Just as I am reaching the conclusion that shiny Waitrose is still my true love, I remember the wine and cherries.

I almost want the cherries to be dry and bitter, but they’re sweet and juicy — and the perfect accompaniment to my large glass of Toro Loco Tempranillo, which must be smoothest wine I’ve ever tasted. How on earth can it have cost just £3.69?

Suddenly I’m regretting not having snapped up a whole box of the stuff — and a load of that award-winning gin to boot.

Aldi, I have a feeling I’ll be joining the Surrey housewives and weaving my way — perhaps a little unsteadily — down your aisles once more.'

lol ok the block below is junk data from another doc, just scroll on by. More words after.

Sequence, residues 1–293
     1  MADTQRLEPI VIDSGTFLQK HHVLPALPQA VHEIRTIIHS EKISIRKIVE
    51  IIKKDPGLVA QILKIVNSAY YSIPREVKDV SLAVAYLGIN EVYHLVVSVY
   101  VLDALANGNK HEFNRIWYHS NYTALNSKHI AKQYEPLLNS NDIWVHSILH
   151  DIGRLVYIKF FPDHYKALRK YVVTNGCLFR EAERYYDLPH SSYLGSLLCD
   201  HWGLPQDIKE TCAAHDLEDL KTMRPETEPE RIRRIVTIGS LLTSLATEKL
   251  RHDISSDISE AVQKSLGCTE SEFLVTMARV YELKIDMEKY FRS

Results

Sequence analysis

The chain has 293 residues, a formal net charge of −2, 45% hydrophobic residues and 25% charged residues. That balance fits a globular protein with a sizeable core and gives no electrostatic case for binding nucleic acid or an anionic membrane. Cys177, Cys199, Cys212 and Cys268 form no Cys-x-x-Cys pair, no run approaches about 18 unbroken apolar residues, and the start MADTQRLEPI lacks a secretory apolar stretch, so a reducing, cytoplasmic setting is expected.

besides reading that and thinking waht a tosser,it does make you realise that middle class people need to jsutify their trip to their local aldi.I've seen more and more of that type in my local one as this depression has pregressed.

Just read this on the daily fail site and to me the article is summed up by the sentence "However, rather than buying their entire weekly shop at Aldi, they are nipping in for one item. Booze." Good job Aldi catering to the depressed 'middle class' drowning their sorrows on the sofa infront of a 52" telly puking out grand design re-runs.

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I stopped reading when I saw '£85- for my weekly shop.' :lol:

I stopped reading when I saw the Daily Fail link... <_<

It looks like we have another paid Daily Fail shill on HPC, IRRO must have been slacking so Zanu Bob has taken over...

Edited by The Eagle

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I stopped reading when I saw '£85- for my weekly shop.' :lol:

This is the ultimate 'fauxterity' article.